Once again, the seas were on the rough side. Once south of Punta Salinas, we encountered a very strong squall that forced me to heave to for about two hours. But the positive side is that out of those 277 n.m. between Boca Chica and Ile a Vache, I only used the engine for nine hours.
Before getting there, I had sent several emails giving my ETA and details about Papy Jovial. But on arriving, we did not see anybody interested in us and there was no answer on the VHF. So we took a mooring on the inner basin and prepared the boat for a stay in port. I had with me a Haitian sailor on loan from Frank.
I got in touch with the manager of the Hotel, Didier Boulard, and set up an appointment for 6 p.m. I was there, or at least I thought I was there at 6 sharp, and seeing nobody left at 6:30. I had not realized that there was one hour difference with Boca Chica and I actually left at 5:30. Didier had told me anyway that he was going to be very busy durint the Carnival (Friday to Tuesday) and that he was going to have a hard time freeing himself after that. So I apologized to him the next day and hope that there will be a better time later.
Then we walked to the other side of the bay where the only other restaurant lies, "chez Jean Jean" where we eventually met the crew of Excalibur, Francois, Elizabeth, Jean-Claude and Jean. Excaliburt is a wonderful Garcia design, all aluminium with a full centre board. We spent an excellent evening and left each other with the promise of a repeat the next day.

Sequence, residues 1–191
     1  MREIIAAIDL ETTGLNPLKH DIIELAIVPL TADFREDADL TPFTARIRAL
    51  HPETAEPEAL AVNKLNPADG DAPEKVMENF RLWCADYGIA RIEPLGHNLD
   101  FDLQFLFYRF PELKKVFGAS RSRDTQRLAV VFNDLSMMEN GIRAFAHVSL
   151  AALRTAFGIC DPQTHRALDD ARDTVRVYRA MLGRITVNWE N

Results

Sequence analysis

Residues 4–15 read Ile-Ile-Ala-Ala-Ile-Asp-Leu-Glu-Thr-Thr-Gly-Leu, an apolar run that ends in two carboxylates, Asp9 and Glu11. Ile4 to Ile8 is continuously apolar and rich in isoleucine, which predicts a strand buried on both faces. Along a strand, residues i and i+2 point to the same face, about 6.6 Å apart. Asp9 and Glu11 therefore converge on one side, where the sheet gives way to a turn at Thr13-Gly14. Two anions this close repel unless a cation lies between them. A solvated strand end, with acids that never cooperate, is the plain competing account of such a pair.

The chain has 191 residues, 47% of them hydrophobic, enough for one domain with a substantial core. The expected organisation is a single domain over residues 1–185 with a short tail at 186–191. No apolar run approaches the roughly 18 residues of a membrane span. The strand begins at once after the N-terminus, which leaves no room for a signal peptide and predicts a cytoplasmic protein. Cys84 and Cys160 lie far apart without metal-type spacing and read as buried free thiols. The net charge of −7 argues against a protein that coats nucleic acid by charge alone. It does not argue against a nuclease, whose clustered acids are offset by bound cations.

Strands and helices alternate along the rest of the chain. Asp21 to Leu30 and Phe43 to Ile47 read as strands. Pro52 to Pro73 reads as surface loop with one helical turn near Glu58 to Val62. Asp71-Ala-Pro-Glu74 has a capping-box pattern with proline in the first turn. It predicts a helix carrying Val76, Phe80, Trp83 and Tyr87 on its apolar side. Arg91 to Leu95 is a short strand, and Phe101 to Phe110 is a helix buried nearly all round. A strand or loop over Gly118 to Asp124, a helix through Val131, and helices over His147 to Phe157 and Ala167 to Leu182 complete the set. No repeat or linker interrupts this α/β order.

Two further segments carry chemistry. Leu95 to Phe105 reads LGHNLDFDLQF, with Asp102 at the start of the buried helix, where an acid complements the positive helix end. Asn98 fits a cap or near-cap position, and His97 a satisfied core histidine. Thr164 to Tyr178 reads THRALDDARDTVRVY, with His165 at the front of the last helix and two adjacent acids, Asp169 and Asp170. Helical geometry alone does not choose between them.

A this point, I had given up any hope to do clearance formalities, everything being closed because of Carnival. Boats were coming in and leaving with no clearance and it seemed to be no problem.
On Friday, we had dinner again with the crew of Excalibur, but this time on their boat with a haitian dinner prepared by a couple from the village. Again, great evening.
They were leaving the next day and Frank was supposedly coming in, which he did in the afternoon. Again, I went with TiJo for dinner at Jean Jean, where we met a young couple, both school teachers, who want to settle down in Haiti, and two haitian men leaving in Canada. They were supposed to set up tent somewhere on the island, but eventually ended up spending the night aboard Papy Jovial.
I was still not able to find out exactly what Frank had in mind for the coming few days and decided to leave for Anse d'Hainaut on Sunday, come what may. I did not even visit the island, not even "Madame Bernard" which is supposed to be the "capital" of the island. That will be for another visit, hopefully not at Carnival time.
Overall, I am a little disappointed, probably because my expectations were too high. I was expecting a spot meant to accomodate cruising sailboats. In fact, the main focus of the owners of "Port Morgan" is on the hotel and it looks like they have lost completely interest in the boats. Obviously it's a business decision on which I cannot comment since I do not have the data that management has.
What is left of what was a marina are three moorings not maintained and a small wharf where one can set foot ashore. Nothing else. But a wonderful anchorage.